The end of another year demands a certain amount of reflection – both personally as well as professionally.  The New Year naturally prompts us to consider what we’ve accomplished during the last twelve months, and dupes us into creating lofty goals for the days and weeks ahead.  Maybe we can blame it on bubbly-induced optimism.  The goals are usually well intended, but often fall short and victimized by a lack of proper planning and resource dedication.  The year 2006 was no exception for the world of corporate IT.

I look back at the year of 2006 and think of it as the year of the data breaches.  The topic of data breaches garnered more IT news headlines than any other technology story of note.  There was a several month span where it seemed like every other day brought a new report of a data breach by a major corporation, government office or school.  Among the many reported data breaches across the country were some high profile incidents involving the U.S Department of Veterans Affairs, Ohio University (3 times; take a bow OU), Broward County and Wells Fargo to name but a few.

There are many reasons for the increase in data breach disclosures.  Surprisingly, the increase should not be attributed to a concerted effort by hackers or organized crime; at least no significant amount should be.  It can’t even be said that there was a significant increase in the number of data thefts and breaches compared to previous years.  No, the only accurate thing to say is that there was an increase in the number of reported incidents.

We partly can thank California for passing a law in 2003 that requires companies to disclose data breaches to affected individuals.  The first major breach reported was by a company called ChoicePoint in 2005, and since then there has been a steady stream of disclosures from organizations located all over the country.  Most states have followed California’s lead and enacted similar disclosure laws.  In the meantime though, it has become best practice to report a potential data theft regardless of whether the company is located in a state with full disclosure laws.

Most reported “breaches” are due to misplaced equipment and personal data posted insecurely, not because of hacked networks, although targeted attacks do account for a small percentage.  The reason the breaches are reported is to alert individuals to potential identity theft.  It’s no surprise that the potential for identity theft is greater today than it has ever been, and it will continue to increase every year for the foreseeable future.  The amount of private data being stored electronically is growing daily.  Virtually every interaction a person has with a public or private entity is recorded and stored – somewhere (hopefully secure).  If the data wasn’t originally stored electronically, chances are excellent that it has been or soon will be converted to an electronic record (e.g., electronic medical records).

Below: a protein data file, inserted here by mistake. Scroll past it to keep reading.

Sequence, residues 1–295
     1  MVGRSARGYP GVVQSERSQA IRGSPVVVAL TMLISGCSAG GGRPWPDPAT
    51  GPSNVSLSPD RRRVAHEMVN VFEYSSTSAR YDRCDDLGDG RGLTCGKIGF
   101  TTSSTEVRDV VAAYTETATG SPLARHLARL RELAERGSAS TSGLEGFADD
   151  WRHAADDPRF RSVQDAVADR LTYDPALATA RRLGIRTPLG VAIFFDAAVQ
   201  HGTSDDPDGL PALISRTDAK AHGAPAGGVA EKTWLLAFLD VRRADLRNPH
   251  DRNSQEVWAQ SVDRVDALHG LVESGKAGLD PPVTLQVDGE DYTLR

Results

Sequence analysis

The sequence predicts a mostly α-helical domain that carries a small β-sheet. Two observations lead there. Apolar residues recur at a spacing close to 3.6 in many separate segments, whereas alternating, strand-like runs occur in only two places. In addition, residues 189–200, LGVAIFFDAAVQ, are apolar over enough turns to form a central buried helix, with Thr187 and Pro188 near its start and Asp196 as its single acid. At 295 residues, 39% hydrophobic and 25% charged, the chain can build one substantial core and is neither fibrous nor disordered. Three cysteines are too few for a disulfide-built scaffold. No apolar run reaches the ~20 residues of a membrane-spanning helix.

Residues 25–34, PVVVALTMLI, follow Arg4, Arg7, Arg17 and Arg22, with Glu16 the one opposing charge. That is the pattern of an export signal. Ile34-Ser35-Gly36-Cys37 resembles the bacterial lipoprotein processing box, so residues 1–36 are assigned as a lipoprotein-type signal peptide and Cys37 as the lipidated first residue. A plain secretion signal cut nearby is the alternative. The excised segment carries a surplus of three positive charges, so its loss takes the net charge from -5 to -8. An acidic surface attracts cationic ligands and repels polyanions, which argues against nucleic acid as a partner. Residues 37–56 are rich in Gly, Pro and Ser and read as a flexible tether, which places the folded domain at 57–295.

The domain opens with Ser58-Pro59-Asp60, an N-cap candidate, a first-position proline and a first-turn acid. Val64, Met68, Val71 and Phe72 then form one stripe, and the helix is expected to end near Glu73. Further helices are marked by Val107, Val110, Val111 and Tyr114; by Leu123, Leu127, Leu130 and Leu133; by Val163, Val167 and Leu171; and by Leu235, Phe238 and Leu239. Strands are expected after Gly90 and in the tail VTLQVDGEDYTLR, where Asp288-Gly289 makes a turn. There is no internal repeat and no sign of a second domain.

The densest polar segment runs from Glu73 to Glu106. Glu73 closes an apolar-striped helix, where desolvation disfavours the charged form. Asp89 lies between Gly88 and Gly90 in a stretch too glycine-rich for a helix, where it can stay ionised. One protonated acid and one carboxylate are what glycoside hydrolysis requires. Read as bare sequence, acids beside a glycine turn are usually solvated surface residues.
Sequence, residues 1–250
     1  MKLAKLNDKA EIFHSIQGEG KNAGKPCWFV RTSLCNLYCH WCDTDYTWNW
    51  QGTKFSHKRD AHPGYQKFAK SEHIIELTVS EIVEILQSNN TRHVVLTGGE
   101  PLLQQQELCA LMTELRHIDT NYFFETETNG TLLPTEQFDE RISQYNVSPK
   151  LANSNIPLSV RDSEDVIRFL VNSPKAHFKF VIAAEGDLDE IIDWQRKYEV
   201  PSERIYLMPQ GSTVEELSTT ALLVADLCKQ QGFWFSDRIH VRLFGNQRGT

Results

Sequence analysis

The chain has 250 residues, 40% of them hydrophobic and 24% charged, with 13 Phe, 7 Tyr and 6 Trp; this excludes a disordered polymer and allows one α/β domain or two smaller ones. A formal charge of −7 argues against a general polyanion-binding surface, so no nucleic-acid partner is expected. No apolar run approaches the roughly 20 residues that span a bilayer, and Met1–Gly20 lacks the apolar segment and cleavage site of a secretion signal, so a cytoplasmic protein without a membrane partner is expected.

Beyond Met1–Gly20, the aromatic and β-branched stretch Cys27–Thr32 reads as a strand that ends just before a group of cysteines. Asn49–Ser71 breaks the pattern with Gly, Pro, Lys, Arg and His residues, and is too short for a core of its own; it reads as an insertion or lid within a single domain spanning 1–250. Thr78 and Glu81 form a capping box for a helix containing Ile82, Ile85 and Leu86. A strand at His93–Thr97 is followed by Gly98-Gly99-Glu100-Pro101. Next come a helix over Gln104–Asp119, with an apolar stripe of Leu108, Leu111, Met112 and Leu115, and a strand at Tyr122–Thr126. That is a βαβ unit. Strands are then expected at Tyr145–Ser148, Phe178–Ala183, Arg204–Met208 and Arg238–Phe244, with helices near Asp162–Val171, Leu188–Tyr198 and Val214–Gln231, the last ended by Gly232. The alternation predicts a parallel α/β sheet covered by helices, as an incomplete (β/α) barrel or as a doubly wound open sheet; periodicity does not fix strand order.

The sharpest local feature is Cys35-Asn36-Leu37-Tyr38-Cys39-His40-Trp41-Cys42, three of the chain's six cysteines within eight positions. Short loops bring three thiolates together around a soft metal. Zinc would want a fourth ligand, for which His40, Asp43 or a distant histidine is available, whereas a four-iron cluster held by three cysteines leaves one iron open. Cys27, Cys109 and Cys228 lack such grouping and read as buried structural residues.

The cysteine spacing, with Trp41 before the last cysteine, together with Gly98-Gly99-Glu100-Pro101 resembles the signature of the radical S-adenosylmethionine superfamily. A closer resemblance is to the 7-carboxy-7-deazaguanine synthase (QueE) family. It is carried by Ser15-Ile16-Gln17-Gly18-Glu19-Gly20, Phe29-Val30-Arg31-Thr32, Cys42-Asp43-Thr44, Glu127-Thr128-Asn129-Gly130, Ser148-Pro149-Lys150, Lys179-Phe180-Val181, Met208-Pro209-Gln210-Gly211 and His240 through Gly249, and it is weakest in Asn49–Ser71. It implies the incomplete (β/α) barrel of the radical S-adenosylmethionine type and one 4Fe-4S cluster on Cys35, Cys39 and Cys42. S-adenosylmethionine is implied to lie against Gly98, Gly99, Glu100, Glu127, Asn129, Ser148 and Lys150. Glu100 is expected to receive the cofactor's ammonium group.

The main way for companies to protect themselves from becoming another full disclosure casualty in tomorrow’s headlines is to aggressively educate their employees about the proper handling of private electronic data, and then to implement corporate policies that actually protect against inevitable security snafus.  This directive must come from the top – from the CIO all the way down to the front-line managers.  It has to be a company initiative, a New Year’s resolution if you will.  If securing electronic data is not a stated objective in the company’s list of corporate goals for the next fiscal year, then data security will sadly not get the attention it is due. 

Methods for guarding against data breaches, other than employee education and sound corporate policies, include encrypting data and communications, and continuing the trend of bringing data back to the data center where it can be better protected.  Thin client computing through technologies such as Citrix MetaFrame and Windows Terminal Services can help ensure that data is stored in a secure location and not on a piece of equipment which can walk out the door and into the wrong hands.  If it must be stored locally or on removable media, encrypt it. 

Also, helping further the cause of identity protection is companies choosing to use personal identifiers rather than Social Security Numbers.  Consumers are at least becoming more educated to the danger of identity theft and demanding that companies use something besides their SSN.

The year 2007 will continue to see an increased number of reported data breaches despite the fine public examples of how not to secure private electronic data in 2006.  This isn’t necessarily bad, as it is an indicator of the attention continuing to be paid to the subject.  We should be more concerned if data breaches and security disappear from the headlines altogether.  However, the sad truth is that most companies will not place enough emphasis on securing their customers’ and employees’ data until a security incident happens to them.  Of course by that time, a replacement CIO is usually in charge and some poor IT analyst is out of a job.  Here’s hoping that we’ve learned some valuable lessons from 2006.